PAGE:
BERKELEY — Katherine McCobb — who identifies as a lesbian and was told by her Berkeley-based therapist that she was unnatural and he could help “rewire her brain” with “conversion therapy” tactics and change her sexual orientation — has sued the marriage and family counselor for fraud under California’s consumer protection laws.
The American Psychological Association and other professional counseling organizations have widely discredited “conversion therapy” as ineffective, unethical, and dangerous.
‘ENGAGING IN FRAUD’
The National Center for Lesbian Rights filed the complaint, the initial step before a lawsuit, in Alameda County Superior Court on Thursday against Lloyd Willey on behalf of McCobb, who said she spent more than $70,000 from 2006 to 2014 when she was his client. It
“Therapists who exploit vulnerable people by taking their money based on false claims that being lesbian or gay is unnatural and that counseling can change a person’s sexual orientation are engaging in fraud,” Shannon Price Minter, legal director with the National Center for Lesbian Rights, said in a press statement. “Charging a person money based on such bald-faced misrepresentations violates California’s consumer protection laws.”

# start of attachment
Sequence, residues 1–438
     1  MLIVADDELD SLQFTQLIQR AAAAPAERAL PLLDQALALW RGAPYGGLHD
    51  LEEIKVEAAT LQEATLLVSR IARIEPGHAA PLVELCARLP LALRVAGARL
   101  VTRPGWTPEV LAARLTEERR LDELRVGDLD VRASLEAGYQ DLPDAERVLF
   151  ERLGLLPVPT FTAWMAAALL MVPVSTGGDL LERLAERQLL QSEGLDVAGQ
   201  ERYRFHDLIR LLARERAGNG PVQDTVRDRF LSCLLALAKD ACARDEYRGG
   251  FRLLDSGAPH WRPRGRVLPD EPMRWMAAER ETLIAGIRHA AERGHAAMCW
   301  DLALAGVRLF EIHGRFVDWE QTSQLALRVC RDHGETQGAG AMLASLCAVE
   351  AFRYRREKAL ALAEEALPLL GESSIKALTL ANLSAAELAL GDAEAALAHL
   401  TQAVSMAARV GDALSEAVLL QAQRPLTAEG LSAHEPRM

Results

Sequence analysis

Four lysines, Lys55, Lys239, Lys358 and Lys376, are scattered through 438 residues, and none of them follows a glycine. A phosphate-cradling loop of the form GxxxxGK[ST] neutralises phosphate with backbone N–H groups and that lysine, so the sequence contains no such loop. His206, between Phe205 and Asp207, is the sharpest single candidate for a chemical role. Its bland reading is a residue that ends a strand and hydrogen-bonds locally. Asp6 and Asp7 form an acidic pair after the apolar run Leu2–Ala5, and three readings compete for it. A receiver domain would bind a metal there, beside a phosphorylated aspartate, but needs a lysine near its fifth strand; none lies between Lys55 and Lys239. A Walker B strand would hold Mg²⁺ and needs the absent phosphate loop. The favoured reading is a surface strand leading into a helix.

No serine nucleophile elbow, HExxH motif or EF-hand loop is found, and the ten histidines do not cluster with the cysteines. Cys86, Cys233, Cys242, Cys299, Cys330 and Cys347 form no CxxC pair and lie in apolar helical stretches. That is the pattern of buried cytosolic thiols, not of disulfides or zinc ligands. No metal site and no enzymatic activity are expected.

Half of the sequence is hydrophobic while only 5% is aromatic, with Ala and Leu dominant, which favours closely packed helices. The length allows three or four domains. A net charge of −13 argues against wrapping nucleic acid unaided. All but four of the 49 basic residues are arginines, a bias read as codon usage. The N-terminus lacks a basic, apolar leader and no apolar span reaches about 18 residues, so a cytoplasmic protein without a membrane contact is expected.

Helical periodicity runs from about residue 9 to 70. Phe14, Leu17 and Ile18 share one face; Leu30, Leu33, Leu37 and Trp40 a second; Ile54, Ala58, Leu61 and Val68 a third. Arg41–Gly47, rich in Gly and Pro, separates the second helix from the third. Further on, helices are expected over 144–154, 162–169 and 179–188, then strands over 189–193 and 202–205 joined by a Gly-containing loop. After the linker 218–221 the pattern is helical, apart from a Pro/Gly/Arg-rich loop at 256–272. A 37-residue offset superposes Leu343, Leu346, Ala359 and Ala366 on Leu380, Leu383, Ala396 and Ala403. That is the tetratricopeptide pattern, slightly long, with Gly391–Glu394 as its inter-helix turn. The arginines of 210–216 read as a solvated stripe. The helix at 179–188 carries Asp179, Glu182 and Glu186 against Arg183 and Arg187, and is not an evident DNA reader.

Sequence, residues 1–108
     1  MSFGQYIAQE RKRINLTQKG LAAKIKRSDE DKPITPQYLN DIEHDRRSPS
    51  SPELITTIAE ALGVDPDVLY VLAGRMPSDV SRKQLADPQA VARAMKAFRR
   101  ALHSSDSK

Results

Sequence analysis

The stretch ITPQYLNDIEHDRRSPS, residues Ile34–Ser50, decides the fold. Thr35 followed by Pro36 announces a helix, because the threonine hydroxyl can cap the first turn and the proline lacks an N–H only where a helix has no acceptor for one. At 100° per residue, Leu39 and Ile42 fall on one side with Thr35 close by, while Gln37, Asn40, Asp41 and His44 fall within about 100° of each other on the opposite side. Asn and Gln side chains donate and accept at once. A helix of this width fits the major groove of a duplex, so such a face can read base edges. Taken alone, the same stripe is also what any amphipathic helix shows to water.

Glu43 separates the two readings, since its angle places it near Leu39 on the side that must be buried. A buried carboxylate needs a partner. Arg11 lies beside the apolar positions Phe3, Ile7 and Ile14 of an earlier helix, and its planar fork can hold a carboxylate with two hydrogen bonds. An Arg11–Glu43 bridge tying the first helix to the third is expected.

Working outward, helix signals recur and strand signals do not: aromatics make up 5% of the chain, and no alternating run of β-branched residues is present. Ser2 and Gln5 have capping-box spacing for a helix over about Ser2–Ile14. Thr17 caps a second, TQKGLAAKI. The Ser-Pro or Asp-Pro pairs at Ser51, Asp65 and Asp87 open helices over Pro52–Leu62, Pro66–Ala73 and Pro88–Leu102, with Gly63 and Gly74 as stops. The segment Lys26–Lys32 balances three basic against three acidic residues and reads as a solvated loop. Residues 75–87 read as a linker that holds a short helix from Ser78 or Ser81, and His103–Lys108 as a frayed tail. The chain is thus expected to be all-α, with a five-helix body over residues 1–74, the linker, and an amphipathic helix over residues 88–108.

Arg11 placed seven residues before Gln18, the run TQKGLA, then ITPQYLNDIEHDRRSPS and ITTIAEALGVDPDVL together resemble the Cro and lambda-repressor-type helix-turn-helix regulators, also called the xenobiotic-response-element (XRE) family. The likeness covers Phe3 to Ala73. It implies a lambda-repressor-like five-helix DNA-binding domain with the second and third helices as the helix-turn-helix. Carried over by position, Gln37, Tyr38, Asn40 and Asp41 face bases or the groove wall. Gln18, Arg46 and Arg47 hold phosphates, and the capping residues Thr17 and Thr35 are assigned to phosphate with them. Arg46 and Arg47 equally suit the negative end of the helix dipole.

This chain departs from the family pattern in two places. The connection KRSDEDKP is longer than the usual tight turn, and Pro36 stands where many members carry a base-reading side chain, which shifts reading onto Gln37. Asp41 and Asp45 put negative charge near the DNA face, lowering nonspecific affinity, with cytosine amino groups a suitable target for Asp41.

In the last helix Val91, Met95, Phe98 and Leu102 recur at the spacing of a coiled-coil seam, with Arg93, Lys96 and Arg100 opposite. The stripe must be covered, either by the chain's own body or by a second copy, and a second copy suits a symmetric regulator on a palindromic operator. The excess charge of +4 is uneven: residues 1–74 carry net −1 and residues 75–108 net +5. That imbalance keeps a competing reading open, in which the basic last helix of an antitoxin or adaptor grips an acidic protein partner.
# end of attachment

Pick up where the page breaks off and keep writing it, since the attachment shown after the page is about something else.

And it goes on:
Willey could not be reached for comment.
California has outlawed conversion therapy on minors.
CONVERSION THERAPY TACTICS
McCobb began paying Willey for therapy when she was 25 years old. McCobb didn’t start therapy for help coping with her sexual orientation, but Willey fixated on McCobb being a lesbian and pressured her to become heterosexual with various conversion therapy tactics, according to the complaint.
For example, Willey told McCobb that being a lesbian is unnatural, publicly shamed her during group therapy sessions and urged her to change her appearance to be more stereotypical feminine, including losing weight, growing her hair, changing her wardrobe, and wearing make-up, according to the complaint.
Willey also pressured McCobb to date a man who was also Willey’s client, according to the complaint.
McCobb seeks unspecified monetary damages.